# Exponential Growth and Decay

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Exponential Growth and Decay
Objective: Determine the multiplier for exponential growth and decay.

Application: Biology Bacteria are very small single-celled organisms that live almost everywhere on Earth. Most bacteria are not harmful to humans, and some are helpful, such as the bacteria in yogurt.

Application: Biology Bacteria are very small single-celled organisms that live almost everywhere on Earth. Most bacteria are not harmful to humans, and some are helpful, such as the bacteria in yogurt. Bacteria reproduce, or grow in number, by dividing. The total number of bacteria at a given time is referred to as the population of bacteria. When each bacterium in a population of bacteria divides, the population doubles.

Exponential Expressions

Modeling Human Population Growth
Human populations grow much more slowly than bacterial populations. Bacterial populations that double each hour have a growth rate of 100% per hour. The population of the United States in 1990 was growing at a rate of about 8 % per decade.

Example 1

Example 1

Example 1

Example 1

Try This The population of Brazil was about 162,661,000 in 1996 and was projected to grow at a rate of about 7.7% per decade. Predict the population, to the nearest hundred thousand, of Brazil for 2016 and 2020.

Try This The population of Brazil was about 162,661,000 in 1996 and was projected to grow at a rate of about 7.7% per decade. Predict the population, to the nearest hundred thousand, of Brazil for 2016 and 2020. The starting population is 162,661,000. The multiplier is 2016 is 2 decades, so n = 2.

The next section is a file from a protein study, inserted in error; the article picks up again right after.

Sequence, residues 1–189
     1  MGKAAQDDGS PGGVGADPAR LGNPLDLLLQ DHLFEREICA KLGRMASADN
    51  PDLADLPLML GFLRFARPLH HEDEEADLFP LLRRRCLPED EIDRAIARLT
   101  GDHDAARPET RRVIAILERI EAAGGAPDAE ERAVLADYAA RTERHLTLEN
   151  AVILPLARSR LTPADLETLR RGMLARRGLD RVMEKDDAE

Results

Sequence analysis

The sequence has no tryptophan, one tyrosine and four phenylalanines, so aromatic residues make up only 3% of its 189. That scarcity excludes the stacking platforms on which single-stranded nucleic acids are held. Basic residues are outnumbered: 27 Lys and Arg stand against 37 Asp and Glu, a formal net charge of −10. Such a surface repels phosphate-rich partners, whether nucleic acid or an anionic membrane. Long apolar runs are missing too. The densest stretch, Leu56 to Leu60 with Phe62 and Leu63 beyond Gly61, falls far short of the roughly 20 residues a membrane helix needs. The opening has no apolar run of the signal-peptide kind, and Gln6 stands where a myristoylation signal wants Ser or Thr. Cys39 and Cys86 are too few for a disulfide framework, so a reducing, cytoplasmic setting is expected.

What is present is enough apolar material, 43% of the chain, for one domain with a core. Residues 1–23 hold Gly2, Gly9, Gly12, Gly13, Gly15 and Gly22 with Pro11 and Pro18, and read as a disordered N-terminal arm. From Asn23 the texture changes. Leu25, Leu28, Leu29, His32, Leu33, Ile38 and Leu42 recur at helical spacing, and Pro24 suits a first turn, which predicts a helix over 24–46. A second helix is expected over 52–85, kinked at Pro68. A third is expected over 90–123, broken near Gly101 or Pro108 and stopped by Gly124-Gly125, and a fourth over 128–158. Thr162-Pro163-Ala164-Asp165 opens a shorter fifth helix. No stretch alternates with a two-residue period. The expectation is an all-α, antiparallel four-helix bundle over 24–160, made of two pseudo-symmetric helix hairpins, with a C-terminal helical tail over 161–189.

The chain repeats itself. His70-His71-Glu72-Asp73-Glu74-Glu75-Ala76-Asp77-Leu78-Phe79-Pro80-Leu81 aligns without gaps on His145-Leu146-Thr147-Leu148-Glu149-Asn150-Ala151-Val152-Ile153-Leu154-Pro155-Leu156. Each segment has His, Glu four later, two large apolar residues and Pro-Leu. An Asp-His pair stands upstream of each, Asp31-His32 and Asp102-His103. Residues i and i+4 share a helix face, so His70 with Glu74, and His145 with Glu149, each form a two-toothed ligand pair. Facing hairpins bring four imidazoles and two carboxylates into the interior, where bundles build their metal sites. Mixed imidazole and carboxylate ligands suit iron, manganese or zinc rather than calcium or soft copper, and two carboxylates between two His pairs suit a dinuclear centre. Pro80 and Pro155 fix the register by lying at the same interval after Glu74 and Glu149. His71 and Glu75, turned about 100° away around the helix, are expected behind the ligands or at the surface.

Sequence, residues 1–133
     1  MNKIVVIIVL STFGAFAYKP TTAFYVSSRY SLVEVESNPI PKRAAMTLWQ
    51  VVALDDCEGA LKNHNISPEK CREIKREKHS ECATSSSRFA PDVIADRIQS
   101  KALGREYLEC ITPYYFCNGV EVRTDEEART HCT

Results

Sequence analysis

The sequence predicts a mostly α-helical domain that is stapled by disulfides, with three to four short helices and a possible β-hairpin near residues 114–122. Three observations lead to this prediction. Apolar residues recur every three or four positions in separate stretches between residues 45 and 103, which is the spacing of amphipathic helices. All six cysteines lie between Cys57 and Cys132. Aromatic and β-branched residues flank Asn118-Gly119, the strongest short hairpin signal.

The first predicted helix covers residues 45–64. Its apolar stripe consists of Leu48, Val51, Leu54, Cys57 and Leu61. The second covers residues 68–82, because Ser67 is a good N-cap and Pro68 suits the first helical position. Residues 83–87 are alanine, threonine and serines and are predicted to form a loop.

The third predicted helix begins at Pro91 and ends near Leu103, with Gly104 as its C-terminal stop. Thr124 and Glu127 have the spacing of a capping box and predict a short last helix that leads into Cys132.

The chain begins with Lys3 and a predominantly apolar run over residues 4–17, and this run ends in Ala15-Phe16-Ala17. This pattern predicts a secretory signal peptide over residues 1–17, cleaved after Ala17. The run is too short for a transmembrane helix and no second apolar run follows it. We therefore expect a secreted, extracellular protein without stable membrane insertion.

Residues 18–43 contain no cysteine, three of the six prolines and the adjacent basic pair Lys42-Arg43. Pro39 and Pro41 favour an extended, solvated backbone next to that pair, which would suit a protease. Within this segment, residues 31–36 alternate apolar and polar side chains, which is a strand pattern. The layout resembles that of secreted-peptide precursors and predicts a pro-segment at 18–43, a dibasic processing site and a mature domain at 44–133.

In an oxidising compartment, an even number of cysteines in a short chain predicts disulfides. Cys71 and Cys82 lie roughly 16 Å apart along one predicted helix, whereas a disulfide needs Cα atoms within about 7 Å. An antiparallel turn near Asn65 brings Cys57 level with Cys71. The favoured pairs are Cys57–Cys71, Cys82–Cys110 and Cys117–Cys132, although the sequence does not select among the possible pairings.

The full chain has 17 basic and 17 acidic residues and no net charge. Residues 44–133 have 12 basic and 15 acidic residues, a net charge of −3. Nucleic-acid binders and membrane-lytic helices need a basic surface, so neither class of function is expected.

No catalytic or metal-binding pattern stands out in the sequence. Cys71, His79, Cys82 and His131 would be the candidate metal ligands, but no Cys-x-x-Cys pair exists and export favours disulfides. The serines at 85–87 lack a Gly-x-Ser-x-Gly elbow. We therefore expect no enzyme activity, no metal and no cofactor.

Try This The population of Brazil was about 162,661,000 in 1996 and was projected to grow at a rate of about 7.7% per decade. Predict the population, to the nearest hundred thousand, of Brazil for 2016 and 2020. The starting population is 162,661,000. The multiplier is 2016 is 2 decades, so n = 2. 2020 is 2.4 decades, so n = 2.4.

Modeling Biological Decay

Modeling Biological Decay

Example 2

Example 2

Try This A vitamin is eliminated from the bloodstream at a rate of about 20% per hour. The vitamin reaches a peak level in the bloodstream of 300 milligrams. Predict the amount, to the nearest tenth of a milligram, of the vitamin remaining 2 hours after the peak level and 7 hours after the peak level.

Try This A vitamin is eliminated from the bloodstream at a rate of about 20% per hour. The vitamin reaches a peak level in the bloodstream of 300 milligrams. Predict the amount, to the nearest tenth of a milligram, of the vitamin remaining 2 hours after the peak level and 7 hours after the peak level. We start with 300, and the multiplier is .80.

Homework Pages 15-41 odd, 47

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